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Sons and Lovers

PART II: 12. Passion
HE was gradually making it possible to earn a livelihood by his art. Liberty's had
taken several of his painted designs on various stuffs, and he could sell designs
for embroideries, for altar-cloths, and similar things, in one or two places. It was
not very much he made at present, but he might extend it. He had also made
friends with the designer for a pottery firm, and was gaining some knowledge of
his new acquaintance's art. The applied arts interested him very much. At the
same time he laboured slowly at his pictures. He loved to paint large figures, full
of light, but not merely made up of lights and cast shadows, like the
impressionists; rather definite figures that had a certain luminous quality, like
some of Michael Angelo's people. And these he fitted into a landscape, in what
he thought true proportion. He worked a great deal from memory, using
everybody he knew. He believed firmly in his work, that it was good and valuable.
In spite of fits of depression, shrinking, everything, he believed in his work.
He was twenty-four when he said his first confident thing to his mother.
"Mother," he said, "I s'll make a painter that they'll attend to."
She sniffed in her quaint fashion. It was like a half-pleased shrug of the
shoulders.
"Very well, my boy, we'll see," she said.
"You shall see, my pigeon! You see if you're not swanky one of these days!"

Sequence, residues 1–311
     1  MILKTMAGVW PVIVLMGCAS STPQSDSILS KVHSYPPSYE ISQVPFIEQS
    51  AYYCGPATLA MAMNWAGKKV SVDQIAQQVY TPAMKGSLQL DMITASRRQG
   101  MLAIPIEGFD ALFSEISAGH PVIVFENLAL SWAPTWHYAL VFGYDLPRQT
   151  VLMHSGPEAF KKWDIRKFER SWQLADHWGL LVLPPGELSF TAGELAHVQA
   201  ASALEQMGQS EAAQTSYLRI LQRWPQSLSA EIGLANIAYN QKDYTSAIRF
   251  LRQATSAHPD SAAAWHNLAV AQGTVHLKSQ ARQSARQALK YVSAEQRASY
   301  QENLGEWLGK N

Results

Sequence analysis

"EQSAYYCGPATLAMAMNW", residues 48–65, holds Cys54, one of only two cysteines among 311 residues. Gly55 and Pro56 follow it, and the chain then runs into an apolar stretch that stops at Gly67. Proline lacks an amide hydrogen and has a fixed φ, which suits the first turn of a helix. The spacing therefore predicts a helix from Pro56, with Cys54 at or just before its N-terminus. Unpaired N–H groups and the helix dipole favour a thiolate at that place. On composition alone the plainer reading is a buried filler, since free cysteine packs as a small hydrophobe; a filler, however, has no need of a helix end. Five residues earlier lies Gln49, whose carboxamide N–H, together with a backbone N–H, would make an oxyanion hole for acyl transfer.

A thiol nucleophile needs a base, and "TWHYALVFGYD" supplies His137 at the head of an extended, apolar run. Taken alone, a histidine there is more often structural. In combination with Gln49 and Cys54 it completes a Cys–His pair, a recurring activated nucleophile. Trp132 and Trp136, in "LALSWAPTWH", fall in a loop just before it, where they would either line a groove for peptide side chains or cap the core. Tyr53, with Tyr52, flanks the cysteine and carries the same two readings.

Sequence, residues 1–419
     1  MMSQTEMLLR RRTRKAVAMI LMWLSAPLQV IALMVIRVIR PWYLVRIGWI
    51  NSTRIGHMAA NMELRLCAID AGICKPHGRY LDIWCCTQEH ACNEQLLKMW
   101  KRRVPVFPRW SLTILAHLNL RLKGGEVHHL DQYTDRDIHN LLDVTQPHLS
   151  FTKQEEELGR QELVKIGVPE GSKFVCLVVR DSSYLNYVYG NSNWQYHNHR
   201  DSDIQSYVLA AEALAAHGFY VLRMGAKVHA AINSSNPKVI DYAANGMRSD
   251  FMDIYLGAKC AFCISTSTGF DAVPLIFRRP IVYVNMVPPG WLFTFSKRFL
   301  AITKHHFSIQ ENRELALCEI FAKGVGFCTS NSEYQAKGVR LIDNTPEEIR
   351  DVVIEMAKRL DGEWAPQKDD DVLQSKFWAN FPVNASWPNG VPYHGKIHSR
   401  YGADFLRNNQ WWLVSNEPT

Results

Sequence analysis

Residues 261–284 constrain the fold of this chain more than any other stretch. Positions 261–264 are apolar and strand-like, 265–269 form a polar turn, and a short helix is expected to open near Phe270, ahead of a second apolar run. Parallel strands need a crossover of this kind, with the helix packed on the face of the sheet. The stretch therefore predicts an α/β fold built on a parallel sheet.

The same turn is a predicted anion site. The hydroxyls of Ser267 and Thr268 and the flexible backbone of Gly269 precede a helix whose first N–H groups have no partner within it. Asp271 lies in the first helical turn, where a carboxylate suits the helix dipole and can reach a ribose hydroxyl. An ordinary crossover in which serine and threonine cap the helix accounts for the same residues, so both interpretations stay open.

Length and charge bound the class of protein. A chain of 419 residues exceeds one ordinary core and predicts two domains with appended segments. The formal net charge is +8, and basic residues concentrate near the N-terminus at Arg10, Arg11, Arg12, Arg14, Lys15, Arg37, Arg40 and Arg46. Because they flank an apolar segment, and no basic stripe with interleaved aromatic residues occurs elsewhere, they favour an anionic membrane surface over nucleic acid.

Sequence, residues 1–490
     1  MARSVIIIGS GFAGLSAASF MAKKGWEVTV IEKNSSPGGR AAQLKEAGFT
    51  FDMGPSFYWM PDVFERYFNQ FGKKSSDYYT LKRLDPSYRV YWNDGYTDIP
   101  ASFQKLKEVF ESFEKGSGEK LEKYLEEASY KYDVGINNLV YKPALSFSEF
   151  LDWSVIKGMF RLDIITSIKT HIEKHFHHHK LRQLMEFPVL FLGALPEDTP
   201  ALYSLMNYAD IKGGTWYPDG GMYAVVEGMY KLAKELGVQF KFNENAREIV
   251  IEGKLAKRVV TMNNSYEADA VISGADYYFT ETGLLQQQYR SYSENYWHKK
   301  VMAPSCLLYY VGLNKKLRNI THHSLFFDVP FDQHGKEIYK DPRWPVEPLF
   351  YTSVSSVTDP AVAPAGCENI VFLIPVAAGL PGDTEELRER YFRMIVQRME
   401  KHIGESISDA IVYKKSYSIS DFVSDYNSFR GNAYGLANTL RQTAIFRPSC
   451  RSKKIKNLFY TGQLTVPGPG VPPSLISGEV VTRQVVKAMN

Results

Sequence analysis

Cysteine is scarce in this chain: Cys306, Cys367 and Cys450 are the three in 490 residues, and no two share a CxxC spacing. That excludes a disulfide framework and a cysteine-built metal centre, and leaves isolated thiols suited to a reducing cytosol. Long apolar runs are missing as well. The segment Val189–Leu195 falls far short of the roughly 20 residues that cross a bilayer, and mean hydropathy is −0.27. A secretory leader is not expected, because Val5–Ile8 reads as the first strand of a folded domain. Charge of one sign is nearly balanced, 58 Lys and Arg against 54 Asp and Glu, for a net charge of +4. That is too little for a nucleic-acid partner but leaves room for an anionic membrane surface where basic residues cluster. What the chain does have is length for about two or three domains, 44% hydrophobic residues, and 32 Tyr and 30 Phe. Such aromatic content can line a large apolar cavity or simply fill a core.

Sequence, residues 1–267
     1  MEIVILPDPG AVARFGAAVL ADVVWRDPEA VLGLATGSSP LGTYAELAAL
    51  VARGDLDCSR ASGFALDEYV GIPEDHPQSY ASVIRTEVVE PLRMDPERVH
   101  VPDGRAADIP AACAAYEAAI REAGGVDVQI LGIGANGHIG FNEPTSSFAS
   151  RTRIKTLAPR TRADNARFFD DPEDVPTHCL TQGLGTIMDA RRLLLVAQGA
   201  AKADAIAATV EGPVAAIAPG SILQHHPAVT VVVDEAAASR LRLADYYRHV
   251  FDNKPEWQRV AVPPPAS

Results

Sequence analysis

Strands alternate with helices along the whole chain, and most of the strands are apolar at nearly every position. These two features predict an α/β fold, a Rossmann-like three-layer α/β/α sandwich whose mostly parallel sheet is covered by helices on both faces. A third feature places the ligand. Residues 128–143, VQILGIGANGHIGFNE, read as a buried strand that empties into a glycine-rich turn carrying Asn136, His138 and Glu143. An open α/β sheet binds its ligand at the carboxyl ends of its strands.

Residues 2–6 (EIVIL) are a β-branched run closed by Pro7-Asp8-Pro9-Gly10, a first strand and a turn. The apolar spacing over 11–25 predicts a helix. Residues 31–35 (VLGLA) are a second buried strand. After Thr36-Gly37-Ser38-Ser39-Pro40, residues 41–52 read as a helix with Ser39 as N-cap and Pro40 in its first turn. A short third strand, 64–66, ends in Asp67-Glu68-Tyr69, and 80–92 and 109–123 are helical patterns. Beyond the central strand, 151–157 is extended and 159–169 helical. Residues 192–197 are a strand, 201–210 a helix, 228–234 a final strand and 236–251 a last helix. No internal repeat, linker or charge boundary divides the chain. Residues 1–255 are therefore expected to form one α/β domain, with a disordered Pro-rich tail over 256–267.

"I'm quite content, my boy," she smiled.
"But you'll have to alter. Look at you with Minnie!"
Minnie was the small servant, a girl of fourteen.
"And what about Minnie?" asked Mrs. Morel, with dignity.
"I heard her this morning: 'Eh, Mrs. Morel! I was going to do that,' when you went
out in the rain for some coal," he said. "That looks a lot like your being able to
manage servants!"
"Well, it was only the child's niceness," said Mrs. Morel.
"And you apologising to her: 'You can't do two things at once, can you?'"
"She was busy washing up," replied Mrs. Morel.
"And what did she say? 'It could easy have waited a bit. Now look how your feet
paddle!'"
"Yes---brazen young baggage!" said Mrs. Morel, smiling.
He looked at his mother, laughing. She was quite warm and rosy again with love
of him. It seemed as if all the sunshine were on her for a moment. He continued
his work gladly. She seemed so well when she was happy that he forgot her grey
hair.
And that year she went with him to the Isle of Wight for a holiday. It was too
exciting for them both, and too beautiful. Mrs. Morel was full of joy and wonder.
But he would have her walk with him more than she was able. She had a bad
fainting bout. So grey her face was, so blue her mouth! It was agony to him. He
 
 
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